Mozambique – first and third world in one place

  

While Mozambique’s economy has experienced rapid growth over the past years, much of this new wealth has not trickled down to the broader population.

Dominique Lalous, country manager for DHL in Mozambique

Dominique Lalous, country manager for DHL in Mozambique

So says Dominique Lalous, country manager of logistics company DHL in Mozambique.

Mozambique’s nascent coal mining and natural gas sectors are attracting significant foreign investment. Rich coal deposits in the western Tete Province have lured mining companies such as Rio Tinto as well as Brazil’s Vale, while US-based Anadarko Petroleum and Italian oil and gas company Eni have announced significant offshore gas discoveries in their respective blocks in northern Mozambique.

Lalous says these investments however, haven’t yet had much of an impact on unemployment. The coal mining companies have only recently started with production and many of the natural gas projects are still in exploration phase. It will still take some time before the average man on the street will feel the benefits of these projects in his pocket. The majority of the rural population still live on less than US$2 a day.

Because of Mozambique’s inadequate transport infrastructure, many of these projects are also not progressing as fast as they should. “To effectively transport the coal exports, infrastructure projects to the key port cities – Nacala, Beira and Maputo – are being implemented by the public and private sector. Another challenge is to get goods in and out of mining and gas locations. The national airline has a monopoly on a majority of the routes and limited cargo capacity. Road transport is the only alternative, but it takes days to get in an out. The conditions of the roads are very poor and unpredictable, especially during rainy season,” explains Lalous.

She says the economy needs to be less reliant on the resources sector. “Despite its strong and sustained past economic growth, the Mozambican economy has undergone minimal structural transformation. The country’s productive base remains dependent largely on natural resources, which are concentrated in a few megaprojects, specifically coal, aluminium and gas. These projects result in large foreign direct investment inflows, which have driven economic growth, but not had a significant impact on government revenues, unemployment and economic diversification.”

Potential for retailers

Mozambique’s retail industry offers significant potential for new players to enter the market.

Lalous, who was born in Belgium, says when she first arrived in the Mozambican capital Maputo in 2008, there was only one supermarket in town. “We had to go to South Africa every three weeks just to stock up on the basics. Now more chains have come in, such as South Africa’s Pick n Pay and Woolworths. However, many products are still not available in Maputo. There are many opportunities, from clothing to pet shops to drug stores.”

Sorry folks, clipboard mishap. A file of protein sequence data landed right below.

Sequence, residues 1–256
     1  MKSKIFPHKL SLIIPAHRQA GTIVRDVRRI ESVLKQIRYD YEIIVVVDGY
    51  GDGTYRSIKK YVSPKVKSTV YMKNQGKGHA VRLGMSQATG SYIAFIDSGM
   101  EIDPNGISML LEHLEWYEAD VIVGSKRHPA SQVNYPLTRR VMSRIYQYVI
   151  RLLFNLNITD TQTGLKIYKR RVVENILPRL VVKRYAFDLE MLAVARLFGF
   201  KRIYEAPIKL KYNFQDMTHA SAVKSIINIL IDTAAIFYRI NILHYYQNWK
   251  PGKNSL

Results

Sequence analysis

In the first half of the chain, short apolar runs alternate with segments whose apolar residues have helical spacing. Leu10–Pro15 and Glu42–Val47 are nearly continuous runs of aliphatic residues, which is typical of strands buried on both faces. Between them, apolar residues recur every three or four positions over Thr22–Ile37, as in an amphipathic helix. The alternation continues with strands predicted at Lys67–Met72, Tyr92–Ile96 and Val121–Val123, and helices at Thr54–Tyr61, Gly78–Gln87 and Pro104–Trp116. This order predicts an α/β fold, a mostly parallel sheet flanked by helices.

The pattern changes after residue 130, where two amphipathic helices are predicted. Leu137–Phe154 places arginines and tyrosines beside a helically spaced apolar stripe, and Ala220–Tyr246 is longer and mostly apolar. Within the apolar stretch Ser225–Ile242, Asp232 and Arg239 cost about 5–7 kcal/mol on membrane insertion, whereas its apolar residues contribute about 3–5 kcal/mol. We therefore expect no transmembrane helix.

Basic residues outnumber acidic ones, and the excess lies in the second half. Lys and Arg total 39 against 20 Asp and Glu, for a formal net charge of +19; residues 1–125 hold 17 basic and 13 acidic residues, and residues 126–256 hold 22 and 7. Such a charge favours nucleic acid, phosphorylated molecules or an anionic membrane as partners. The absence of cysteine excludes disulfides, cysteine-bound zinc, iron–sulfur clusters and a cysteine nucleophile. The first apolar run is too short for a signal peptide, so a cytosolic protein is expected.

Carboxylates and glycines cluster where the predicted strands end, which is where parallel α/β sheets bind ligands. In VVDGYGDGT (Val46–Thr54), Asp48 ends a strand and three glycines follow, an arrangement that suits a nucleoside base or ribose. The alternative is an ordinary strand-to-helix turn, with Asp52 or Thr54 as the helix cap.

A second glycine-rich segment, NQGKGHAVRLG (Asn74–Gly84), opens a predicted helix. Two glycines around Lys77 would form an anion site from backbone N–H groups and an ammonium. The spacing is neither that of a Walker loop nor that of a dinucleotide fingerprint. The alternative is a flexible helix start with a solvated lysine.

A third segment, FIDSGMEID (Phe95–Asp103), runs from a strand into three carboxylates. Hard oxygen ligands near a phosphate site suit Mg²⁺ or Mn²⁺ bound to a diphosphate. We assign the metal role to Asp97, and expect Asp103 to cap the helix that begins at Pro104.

She says service quality in Mozambique is often below standard due to low competition.

For example, Lalous says there is only one manufacturer of cardboard boxes in Maputo and it can take anything from one to three months for an order to be delivered. “They don’t care about providing a good service because they have a monopoly; they don’t have competition.”

She adds that foreign investors currently operating in Mozambique expect the same level of service they are used to in their home countries. This creates an opportunity for more companies to set up shop in certain industries.

Doing business in Mozambique

Although Mozambique is not as expensive as its fellow Portuguese-speaking country Angola, Lalous says the cost of doing business has increased in recent years. “Over the last five years the price of renting office and residential space has risen due to high demand, particularly from large companies and the arrival of foreigners. The average rental price of office space ranges from $2,000 -$3,200 per square metre. As most goods are imported, the cost of living is relatively high.”

According to Lalous, Mozambique’s customs regime is in need of reform. “The law is interpreted differently in the south, centre and north of the country. What applies in the south is not what is implemented in the north. Last year a new single windows system was launched, whereas the clearing process was now being introduced in to an on-line system. This created a chaotic situation as customs officials were not trained properly and resulted in huge backlogs at the borders, ports and airports, which affected the flow of goods in to Mozambique. It eventually stabilised and all went well until about 10 weeks ago, whereas customs in Maputo now introduced a manual duplication of the single windows system. The average time to clear goods has doubled. These new measures are obstructing growth and are disruptive for business.”

Finding skilled human resources can also prove to be a challenge for companies. “The civil war, which ended in 1992, left a huge gap and the small pool of skilled people is targeted by international companies. Companies often recruit staff based on their potential, and then train them in-house,” she says.

According to Lalous, one of the biggest misconceptions about Mozambique is that it is unsafe. “Mozambique is one of the safest places I have lived so far.”



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